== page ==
Meanwhile, it was increasingly clear that Rajapaksa would not be able to prove his majority. There were allegations that his faction was attempting to bribe UNP MPs. Rajapaksa also tried to win over smaller but significant forces such as the Tamil National Alliance (TNA) but to no avail. Sirisena’s role also was heavily criticised. On November 9, he transferred the department of government printing, and the police, which were earlier under the ministry of law and order, to the ministry of defence, which is directly under the control of the President. This effectively brought the police, the military and the gazette under him.
Later on November 9, Sirisena yet again stunned the country by dissolving parliament and calling for fresh elections on January 5, 2019. Sirisena’s decisions caused the country to erupt in protests yet again. On November 12, Wickremesinghe and his supporters challenged the president’s decision in the supreme court. The next day, a three-judge bench stayed the presidential order until December 7. Meanwhile, the speaker called for parliament to convene on November 14, as was earlier scheduled.
It was in this context that the parliament session began on Wednesday amid much chaos. Rajapaksa and his son Namal, who is also an MP, left the house before the vote took place. The MPs of his faction desperately tried to stall the proceedings and the vote. However, the speaker managed to call for a voice vote and declared that the house supported Wickremesinghe as the prime minister. However, the Rajapaksa faction has refused to relinquish its control of the government.
What next for Sri Lanka?
Incidentally, Sirisena’s actions would be have been perfectly legal were it not for the 19th amendment, which he helped co-author and pass in Parliament, along with Ranil Wickremesinghe. The 19th amendment, which reduced the powers of the presidency, was among the key commitments the Sirisena-Wickremesinghe alliance made, while promising a change from a decade of Rajapaksa’s rule. They had also promised more devolution of powers to the provinces, investigation into war crimes during the Sri Lankan civil war and ensuring basic rights for the minorities in a country when Rajapaksa had stoked the flames of Sinhala and Buddhist chauvinism. The break-down of this alliance has been seen a huge blow to the possibilities of a more socially inclusive country. The Sirisena-Wickremesinghe alliance, at the same time, did not plan or effect any major change of policy as far as neoliberal reforms were concerned.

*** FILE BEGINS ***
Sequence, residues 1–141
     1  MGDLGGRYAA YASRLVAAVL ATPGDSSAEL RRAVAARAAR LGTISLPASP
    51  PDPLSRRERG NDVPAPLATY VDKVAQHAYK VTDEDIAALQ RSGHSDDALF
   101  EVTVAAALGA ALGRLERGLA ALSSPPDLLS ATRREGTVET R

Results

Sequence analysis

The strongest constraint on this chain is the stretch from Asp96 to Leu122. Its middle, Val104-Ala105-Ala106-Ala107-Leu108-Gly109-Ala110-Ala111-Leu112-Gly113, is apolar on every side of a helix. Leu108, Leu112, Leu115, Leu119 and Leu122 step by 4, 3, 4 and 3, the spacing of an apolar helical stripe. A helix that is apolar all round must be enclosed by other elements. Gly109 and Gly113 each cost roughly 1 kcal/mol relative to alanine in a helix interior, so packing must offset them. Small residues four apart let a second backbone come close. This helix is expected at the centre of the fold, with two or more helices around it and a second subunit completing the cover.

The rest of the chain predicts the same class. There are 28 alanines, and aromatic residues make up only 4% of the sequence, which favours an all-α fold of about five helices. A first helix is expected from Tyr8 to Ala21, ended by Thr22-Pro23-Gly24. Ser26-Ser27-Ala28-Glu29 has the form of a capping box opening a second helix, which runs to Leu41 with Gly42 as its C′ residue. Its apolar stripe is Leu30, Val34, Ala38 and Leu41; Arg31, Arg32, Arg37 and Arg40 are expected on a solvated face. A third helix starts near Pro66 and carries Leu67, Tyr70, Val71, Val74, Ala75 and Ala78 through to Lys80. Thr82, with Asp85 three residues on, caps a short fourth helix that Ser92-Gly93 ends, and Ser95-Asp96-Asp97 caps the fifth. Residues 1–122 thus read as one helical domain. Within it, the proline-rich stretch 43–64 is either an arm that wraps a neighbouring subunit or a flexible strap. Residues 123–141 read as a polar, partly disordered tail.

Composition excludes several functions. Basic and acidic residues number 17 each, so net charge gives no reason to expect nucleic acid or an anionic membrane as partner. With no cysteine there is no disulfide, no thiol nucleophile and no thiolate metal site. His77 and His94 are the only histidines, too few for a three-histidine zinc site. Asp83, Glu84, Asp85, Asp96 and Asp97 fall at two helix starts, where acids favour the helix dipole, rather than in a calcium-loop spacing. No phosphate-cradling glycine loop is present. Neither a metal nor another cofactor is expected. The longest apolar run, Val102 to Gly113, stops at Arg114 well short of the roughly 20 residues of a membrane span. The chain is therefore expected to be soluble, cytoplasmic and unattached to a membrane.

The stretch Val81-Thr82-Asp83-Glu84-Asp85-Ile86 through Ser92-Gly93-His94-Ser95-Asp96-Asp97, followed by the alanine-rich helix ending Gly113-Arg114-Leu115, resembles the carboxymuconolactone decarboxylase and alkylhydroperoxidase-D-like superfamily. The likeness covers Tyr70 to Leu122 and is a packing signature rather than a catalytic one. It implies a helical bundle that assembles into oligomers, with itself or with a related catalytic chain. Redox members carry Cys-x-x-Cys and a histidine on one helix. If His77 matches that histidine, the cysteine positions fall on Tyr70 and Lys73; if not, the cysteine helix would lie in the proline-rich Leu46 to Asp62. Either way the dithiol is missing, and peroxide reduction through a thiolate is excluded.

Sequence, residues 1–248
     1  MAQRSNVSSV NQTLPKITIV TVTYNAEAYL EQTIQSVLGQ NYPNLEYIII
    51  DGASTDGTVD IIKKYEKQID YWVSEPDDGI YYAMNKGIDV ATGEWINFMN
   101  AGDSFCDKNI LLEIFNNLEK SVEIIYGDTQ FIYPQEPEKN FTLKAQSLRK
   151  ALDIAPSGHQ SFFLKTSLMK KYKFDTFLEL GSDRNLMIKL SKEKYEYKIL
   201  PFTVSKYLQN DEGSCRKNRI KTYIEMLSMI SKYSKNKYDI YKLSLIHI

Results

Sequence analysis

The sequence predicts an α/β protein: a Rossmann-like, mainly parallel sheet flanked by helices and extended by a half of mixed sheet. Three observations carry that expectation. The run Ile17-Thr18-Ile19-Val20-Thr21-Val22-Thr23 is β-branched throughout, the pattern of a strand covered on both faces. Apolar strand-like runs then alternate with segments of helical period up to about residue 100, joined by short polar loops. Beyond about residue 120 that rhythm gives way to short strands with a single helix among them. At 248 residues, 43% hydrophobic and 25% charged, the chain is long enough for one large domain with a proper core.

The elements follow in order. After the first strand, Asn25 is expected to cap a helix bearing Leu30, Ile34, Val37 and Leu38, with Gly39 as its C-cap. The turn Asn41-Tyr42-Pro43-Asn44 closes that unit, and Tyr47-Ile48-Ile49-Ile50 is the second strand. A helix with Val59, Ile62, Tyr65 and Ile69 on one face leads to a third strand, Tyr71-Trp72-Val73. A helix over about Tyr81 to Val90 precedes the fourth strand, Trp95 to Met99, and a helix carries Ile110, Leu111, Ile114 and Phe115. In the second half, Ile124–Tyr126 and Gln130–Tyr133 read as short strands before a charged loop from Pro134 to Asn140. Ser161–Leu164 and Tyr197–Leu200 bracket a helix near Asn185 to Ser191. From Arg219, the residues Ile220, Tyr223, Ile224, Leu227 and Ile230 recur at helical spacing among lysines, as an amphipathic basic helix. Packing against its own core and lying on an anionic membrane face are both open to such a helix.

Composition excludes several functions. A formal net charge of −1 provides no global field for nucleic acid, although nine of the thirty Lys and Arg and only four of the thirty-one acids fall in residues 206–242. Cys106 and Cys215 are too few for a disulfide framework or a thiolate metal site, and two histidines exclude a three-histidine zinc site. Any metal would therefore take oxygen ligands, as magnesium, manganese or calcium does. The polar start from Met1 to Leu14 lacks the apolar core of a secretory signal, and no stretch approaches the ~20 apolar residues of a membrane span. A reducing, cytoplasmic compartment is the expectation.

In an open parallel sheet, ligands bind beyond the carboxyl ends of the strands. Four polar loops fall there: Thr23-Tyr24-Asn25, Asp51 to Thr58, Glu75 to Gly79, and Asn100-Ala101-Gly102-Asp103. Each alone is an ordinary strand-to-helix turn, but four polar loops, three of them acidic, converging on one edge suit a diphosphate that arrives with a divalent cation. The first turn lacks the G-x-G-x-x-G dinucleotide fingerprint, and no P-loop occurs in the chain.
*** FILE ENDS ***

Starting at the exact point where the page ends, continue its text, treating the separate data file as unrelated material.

In less than a month, the supreme court is likely to hear petitions against the president’s actions. Many observers have commented that the dismissal of Wickremesinghe will not stand the test of the law. If the court delivers an adverse verdict, it would be yet another huge blow to Sirisena’s credibility. Meanwhile, in the near future, Rajapaksa’s refusal to recognize the vote in parliament can mean a long crisis ahead. Meanwhile, Ranil Wickremesinghe and his faction would definitely be emboldened by the recent developments as they add further legitimacy to his claim to continue as the Prime Minister.